- WREK 91.1 FM is Georgia Tech's student run station with a major attitude. It has a remarkably diverse format and play list. Many would say it's un-listenable. You may hate it but it you can probably find a show you like. When the NPR station broadcasts Morning Edition, WREK plays classical. It is the first radio station to broadcast over the Internet in 1994. To top it off WREK maintains a 7 day archive that you can access over the Internet. Want to hear last week's metal show? No problem.
- WRFG 89.3 FM is Radio Free Georgia. WRFG is diverse but listenable. From bluegrass to salsa, to jazz, to 50's R&B, to hip-hop, it's great music..
- WCLK 91.9 FM is Clark Atlanta University's "the jazz voice of the city." They certainly live up to the name with jazz, gospel, and reggae.
- WRAS 88.5 FM is Georgia State University's student station. Unlike WREK, they actually want you to like their music. With a strong signal, professional staff, and diverse programming WRAS is a great station.
- Great live shows that I've attended.
This guide is about the present and the recent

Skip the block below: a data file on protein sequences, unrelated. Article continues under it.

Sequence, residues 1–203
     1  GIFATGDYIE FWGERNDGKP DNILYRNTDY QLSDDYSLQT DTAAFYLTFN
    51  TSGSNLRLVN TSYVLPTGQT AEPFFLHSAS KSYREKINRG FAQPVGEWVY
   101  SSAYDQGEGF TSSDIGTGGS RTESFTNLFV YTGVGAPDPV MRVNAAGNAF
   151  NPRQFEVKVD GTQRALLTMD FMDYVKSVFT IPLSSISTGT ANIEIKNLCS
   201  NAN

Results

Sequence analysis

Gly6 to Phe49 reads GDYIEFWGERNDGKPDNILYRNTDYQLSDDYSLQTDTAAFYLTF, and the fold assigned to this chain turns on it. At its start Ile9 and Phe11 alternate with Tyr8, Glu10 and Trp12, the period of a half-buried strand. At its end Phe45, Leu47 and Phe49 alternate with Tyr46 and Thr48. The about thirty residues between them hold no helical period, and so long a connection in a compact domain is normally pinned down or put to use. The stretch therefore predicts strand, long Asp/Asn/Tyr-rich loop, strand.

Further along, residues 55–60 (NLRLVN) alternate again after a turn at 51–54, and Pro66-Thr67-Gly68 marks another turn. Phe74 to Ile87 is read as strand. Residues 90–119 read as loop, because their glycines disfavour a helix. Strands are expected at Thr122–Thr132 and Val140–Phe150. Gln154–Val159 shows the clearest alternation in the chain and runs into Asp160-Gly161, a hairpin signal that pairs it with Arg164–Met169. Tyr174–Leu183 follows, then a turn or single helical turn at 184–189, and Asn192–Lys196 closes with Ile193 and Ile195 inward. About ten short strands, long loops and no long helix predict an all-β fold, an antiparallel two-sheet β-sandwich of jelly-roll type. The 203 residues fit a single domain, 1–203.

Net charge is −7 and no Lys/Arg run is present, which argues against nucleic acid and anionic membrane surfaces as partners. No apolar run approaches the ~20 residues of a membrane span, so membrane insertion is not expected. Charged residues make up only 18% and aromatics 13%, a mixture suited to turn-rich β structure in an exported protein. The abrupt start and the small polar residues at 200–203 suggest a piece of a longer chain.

past, but I simply can't make a list with this heading without mentioning
at least a bit of more ancient history. Over the many, years I've attended
live music in the South, I've seen more than my fair share of memorable
shows. But a few shows transcend time, that is, I still have vivid, fond memories mostly between 1967 - 1972: The Band, Jimi Hendrix (2), Led Zepelin (2), Mahavishnu Orchestra, The Who, Cream, Santanna (3), Johnny Winter (2), Joe Cocker, Canned Heat, Weather Report, Rashan Roland Kirk (wow). A extra special mention: the Allman Brothers' two free concerts in Piedment Park.
- Captain Beefheart and the Magic
Band To say it's orginal is an